"The people you're concerned about will respond in one of three ways: either their heart is right, but their reading choices need a little guidance; or both their reading choices and their heart attitude are well-grounded and pleasing to the Lord; or their heart is unrepentant, and they are showing by their reading choices that they are reading unto themselves." But what if it isn't that they're unrepentant, they just have a different view than you do? ;)
    Love,
    Sister

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    Replies
    1. Well, that's a good question, and that's what I meant by the middle phrase of my statement: "or both their reading choices and their heart attitude are well-grounded and pleasing to the Lord". For instance, someone may be reading a book with false philosophies or poor story content for the purpose of warning others away from it. If I were concerned about their reading choice and found out that they weren't just drinking it in blindly, but evaluating and sifting it, then I would no longer be as concerned. For instance, I read Chaim Potok's "The Chosen" with vigilance and discernment; even though it had some bad worldview, it also had some very good biblical insights as well. That's why I read it. But I would only recommend it to someone who I knew would do the same thing as they read.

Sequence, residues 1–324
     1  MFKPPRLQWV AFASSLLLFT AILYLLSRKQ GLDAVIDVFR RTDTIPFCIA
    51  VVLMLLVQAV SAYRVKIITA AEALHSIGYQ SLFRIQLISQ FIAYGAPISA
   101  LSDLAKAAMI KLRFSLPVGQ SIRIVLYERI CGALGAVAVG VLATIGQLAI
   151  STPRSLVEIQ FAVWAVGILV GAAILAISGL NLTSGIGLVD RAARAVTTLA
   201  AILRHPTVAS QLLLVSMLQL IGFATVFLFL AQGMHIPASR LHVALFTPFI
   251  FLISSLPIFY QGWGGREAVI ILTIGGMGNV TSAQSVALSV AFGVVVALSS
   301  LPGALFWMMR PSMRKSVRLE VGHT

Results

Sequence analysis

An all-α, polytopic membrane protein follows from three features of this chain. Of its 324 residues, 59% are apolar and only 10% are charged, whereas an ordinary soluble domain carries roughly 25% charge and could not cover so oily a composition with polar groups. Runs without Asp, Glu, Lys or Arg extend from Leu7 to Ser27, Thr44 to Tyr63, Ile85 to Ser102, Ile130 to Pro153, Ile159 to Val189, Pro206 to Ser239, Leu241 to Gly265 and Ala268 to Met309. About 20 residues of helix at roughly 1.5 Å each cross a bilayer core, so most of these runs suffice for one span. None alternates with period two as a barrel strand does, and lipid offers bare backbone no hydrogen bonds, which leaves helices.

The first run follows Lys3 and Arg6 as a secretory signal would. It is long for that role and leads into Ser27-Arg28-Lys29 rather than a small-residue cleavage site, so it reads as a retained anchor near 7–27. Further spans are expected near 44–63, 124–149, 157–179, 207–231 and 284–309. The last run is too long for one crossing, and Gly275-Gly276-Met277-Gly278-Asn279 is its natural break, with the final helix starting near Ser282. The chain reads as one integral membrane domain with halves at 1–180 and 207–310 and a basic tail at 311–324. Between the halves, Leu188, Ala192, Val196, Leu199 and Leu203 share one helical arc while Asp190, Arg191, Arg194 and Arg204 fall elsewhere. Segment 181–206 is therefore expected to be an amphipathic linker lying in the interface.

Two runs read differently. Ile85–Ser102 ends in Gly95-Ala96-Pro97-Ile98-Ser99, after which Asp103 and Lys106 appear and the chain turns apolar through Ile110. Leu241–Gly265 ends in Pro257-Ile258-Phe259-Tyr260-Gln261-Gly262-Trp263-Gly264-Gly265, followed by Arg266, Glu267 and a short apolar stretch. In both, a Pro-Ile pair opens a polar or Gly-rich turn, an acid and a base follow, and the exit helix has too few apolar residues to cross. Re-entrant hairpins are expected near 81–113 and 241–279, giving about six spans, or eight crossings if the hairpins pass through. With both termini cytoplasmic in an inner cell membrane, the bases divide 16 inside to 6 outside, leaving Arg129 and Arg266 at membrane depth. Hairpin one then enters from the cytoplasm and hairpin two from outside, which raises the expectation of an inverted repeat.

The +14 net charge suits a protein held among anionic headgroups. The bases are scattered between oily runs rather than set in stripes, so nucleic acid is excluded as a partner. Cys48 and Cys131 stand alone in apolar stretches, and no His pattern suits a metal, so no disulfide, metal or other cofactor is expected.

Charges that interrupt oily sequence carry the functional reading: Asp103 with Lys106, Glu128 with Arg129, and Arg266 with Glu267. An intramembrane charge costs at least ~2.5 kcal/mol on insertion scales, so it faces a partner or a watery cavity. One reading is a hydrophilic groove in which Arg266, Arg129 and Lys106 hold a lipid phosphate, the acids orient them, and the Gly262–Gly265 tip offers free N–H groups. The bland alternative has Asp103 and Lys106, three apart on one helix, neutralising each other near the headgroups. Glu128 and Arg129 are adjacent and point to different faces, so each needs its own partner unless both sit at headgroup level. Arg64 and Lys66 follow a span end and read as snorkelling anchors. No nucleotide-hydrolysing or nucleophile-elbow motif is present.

Also, when we evaluate whether or not to warn someone, we must look at what type of doctrine they're violating: is it a greater doctrine that the Bible speaks clearly about, or a lesser doctrine that can legitimately taken in more than one direction? That also will have bearing on how seriously we take someone to task for a book we're concerned about.